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May 1, 2023

Enhancing Mental Health with Physical Education

Physical education teachers—it’s hard to express just how vital they are in improving young peoples’ lives. To get concrete, their classroom serves as a launching pad for a longer, happier, more productive, and more meaningful life. And not only in light of the body’s health. The truth is, physical education also involves enhancing mental health.

Almost half of America’s students experience some form of cognitive health struggle, ranging from mild sadness to suicidal ideation. Given the positive impact their curriculum has on emotional well-being, no doubt physical education teachers stand on the frontlines of this crisis.

Students and Mental Health: A Look at the Numbers

A recent report from the Centers for Disease Prevention and Control has measured student mental health factors over a 10-year period. In short, their findings are beyond sobering. In 2011, some 28% of students reported experiencing feelings of helplessness and despair. Ten years later, in 2021, that already staggering percentage rose to 42%. Looking solely at LGBTQ+ students, that number shoots up to 70%.

Though correlation does not equal causation, it would be foolish not to look into the current statistics regarding students’ physical health. How do these data sets compare?

For kids ages 10 to 17, obesity rates clock in at 17%. To that end, the numbers don’t shift much as kids get older. Nationally, 16% of high schoolers fall under the same category. At a glance, these are not as alarming as other figures, but when you factor in the impact of poverty on physical health, the situation becomes more dire. When these children live in impoverished households, which might indicate less access to nutritious foods, the statistic rises to 25%.

It’s not at all unlikely that physical health issues play a major role in the mental wellness crisis our country faces.

Exercise and Mental Health

No matter what PE lesson plans you design for that day, the benefits of exercise remain the centerpiece. It’s true that running on the treadmill isn’t going to reverse accumulated trauma. Hiking on the weekends won’t eliminate anxiety. But rest assured that exercise plays a significant role in our mental wellness.

When you teach exercise techniques, run drills, and conduct fun and physical games, you help your kids gain the following benefits.

Stress Relief

When it comes to mental health, everyday life can bear significant weight, even for privileged people who have a normal and expected amount of stress. When expectations pile up, feelings of overwhelm arise, which can chip away at a person’s good disposition. Physical education teachers help remove this albatross through an exercise curriculum that focuses on releasing negative emotions.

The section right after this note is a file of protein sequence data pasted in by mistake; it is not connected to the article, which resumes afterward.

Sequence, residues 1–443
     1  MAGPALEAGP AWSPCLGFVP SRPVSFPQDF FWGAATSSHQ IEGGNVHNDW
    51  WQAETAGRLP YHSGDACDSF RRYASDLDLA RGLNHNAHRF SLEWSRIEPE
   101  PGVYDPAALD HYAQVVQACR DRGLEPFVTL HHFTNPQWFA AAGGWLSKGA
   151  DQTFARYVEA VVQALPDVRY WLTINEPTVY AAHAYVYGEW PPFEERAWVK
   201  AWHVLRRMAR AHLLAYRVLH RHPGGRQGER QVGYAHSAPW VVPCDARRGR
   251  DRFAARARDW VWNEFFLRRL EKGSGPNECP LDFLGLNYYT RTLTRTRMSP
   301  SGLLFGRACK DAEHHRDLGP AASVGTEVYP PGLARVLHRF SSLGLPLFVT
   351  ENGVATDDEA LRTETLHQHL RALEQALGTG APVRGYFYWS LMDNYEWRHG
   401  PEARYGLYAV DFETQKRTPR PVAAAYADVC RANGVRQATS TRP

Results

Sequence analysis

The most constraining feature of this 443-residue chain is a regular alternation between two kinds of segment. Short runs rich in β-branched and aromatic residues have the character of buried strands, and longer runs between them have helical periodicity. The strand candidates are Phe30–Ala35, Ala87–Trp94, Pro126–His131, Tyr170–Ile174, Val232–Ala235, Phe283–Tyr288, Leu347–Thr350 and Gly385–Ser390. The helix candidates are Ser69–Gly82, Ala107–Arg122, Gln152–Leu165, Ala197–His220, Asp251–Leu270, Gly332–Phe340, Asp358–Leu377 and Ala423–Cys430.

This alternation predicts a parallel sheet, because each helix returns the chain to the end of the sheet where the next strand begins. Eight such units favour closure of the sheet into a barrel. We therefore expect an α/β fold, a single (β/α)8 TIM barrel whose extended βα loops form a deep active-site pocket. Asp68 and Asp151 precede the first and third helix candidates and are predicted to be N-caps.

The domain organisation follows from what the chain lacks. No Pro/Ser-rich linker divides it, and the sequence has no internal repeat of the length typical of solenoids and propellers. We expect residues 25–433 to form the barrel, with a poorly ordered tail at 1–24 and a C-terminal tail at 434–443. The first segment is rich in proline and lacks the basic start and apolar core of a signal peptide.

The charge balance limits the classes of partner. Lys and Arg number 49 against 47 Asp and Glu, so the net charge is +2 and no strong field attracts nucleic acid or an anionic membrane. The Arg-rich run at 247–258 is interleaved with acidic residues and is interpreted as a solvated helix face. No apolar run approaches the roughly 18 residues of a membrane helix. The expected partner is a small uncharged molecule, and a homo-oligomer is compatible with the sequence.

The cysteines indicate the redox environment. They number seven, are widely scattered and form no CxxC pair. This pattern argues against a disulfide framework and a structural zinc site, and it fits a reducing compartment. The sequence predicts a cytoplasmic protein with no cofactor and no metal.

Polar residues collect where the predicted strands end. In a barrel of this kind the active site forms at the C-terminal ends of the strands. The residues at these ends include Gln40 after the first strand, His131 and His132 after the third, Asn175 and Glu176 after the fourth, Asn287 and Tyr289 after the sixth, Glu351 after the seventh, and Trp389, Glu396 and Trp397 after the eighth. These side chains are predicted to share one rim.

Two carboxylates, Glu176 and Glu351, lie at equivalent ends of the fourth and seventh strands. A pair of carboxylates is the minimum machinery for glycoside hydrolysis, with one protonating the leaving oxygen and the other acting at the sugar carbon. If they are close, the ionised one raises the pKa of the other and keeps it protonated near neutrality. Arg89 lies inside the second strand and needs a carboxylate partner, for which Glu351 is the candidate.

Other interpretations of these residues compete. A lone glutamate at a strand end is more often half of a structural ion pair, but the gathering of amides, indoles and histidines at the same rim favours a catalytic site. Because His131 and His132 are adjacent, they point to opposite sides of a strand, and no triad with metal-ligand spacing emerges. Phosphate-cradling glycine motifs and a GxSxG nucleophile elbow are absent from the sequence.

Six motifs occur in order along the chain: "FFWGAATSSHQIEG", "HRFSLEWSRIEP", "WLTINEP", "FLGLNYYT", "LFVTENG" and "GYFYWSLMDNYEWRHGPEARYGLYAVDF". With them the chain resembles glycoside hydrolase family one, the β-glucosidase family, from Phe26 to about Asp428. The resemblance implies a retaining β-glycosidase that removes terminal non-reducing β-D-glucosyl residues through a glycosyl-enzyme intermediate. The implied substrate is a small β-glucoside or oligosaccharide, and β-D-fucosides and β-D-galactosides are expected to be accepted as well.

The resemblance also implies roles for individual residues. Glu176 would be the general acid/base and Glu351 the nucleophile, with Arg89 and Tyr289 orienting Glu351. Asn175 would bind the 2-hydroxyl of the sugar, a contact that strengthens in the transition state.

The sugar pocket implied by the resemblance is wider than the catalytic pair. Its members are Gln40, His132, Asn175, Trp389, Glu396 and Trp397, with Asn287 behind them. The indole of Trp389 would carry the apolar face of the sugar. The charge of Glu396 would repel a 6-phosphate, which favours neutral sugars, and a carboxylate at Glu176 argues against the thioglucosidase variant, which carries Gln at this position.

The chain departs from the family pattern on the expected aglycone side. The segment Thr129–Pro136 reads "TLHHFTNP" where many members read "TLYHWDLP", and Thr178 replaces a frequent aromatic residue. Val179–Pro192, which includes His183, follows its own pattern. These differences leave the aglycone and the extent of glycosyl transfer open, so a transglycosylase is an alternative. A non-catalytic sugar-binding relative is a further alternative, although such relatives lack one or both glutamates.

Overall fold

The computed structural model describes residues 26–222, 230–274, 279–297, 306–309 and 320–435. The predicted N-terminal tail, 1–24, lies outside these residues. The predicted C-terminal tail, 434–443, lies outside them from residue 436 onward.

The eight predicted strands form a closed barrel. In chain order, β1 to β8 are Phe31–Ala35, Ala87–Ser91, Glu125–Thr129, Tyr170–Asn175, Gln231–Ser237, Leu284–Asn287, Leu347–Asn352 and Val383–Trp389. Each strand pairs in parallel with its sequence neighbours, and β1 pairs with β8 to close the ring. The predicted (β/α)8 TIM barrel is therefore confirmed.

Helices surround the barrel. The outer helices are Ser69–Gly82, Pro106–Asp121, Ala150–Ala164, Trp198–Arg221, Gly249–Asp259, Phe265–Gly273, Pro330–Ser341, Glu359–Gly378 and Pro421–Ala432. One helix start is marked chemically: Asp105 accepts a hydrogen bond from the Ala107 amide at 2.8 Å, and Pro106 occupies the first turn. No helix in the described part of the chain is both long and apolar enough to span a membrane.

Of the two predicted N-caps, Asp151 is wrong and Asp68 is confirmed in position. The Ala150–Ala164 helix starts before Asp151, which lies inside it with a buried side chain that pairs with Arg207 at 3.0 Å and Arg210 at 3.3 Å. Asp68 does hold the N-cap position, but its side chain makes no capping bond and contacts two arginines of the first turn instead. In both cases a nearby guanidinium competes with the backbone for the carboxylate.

The feeling of Accomplishment and Self-Worth

Whether it’s high anxiety or low feelings of depression, mental unwellness takes many forms and happens at different intervals. One uniting component might be the intrusive and untrue feelings of worthlessness that some students feel. Feelings of accomplishment can go a long way toward countering these negative emotions. When we achieve something, our self-worth meter rises, and there are many opportunities to accomplish this in PE class. The accolades need not be an astounding feat. Even the smallest accomplishments are worthy of merit.

Increased Focus and Motivation

Racing thoughts and cluttered minds often lead to emotional burnout. Young people have a unique set of stressors, and many worry about their futures. In this state, it’s not uncommon for the elementary and teenage brain to become overburdened. And that leads to giving up. Exercise as it happens in PE class is known to increase focus and motivation, setting the framework for a clarity that hopefully can banish heavy emotions.

Creating Fun and Endorphins

To banish darkness requires light. It sounds a bit cheesy, but it’s nevertheless true. Though fun itself can’t erase mental health struggles, the endorphins we feel while having a good time remind us that the whole life thing is worth the energy, even during our toughest days.

Nutrition and Mental Health

It sounds farfetched at first, but it’s a fact that serotonin manifests in the stomach. A recent study from Harvard Medical School explains it this way: “Since about 95% of your serotonin is produced in your gastrointestinal tract, and your gastrointestinal tract is lined with a hundred million nerve cells, or neurons, it makes sense that the inner workings of your digestive system don’t just help you digest food, but also guide your emotions.”

This brings new meaning to the term “happy tummy.” But really, when you teach good nutrition habits, you’re helping to make the following a reality.

Improved Bodily Constitution

As stated above, our diets impact our bodies as well as our brains, and not just in matters of academic performance. To get specific, the food we eat creates a gut environment and, ergo, manipulates the function of the brain and mood. Introducing good sustenance into our system impacts the way we feel each day. And that is inextricably linked to better mental health.

Increased Energy

If it reaches its lowest point, depression leads to a lack of function, with many people having trouble even getting out of bed. While no fruit or vegetable can reverse this brutal mental health situation, it’s important to maintain a certain level of energy so that kids feel productive and worthwhile. Only a good diet can accomplish that.

Introducing Foreign Helpers

Our bodies do not create Omega-3 fatty acids by themselves, but we can introduce them into our ecosystem. To that end, though it’s been vilified in the past, our brains require fat to function. It’s a matter of whether we choose healthy, productive fats that improve brain function.

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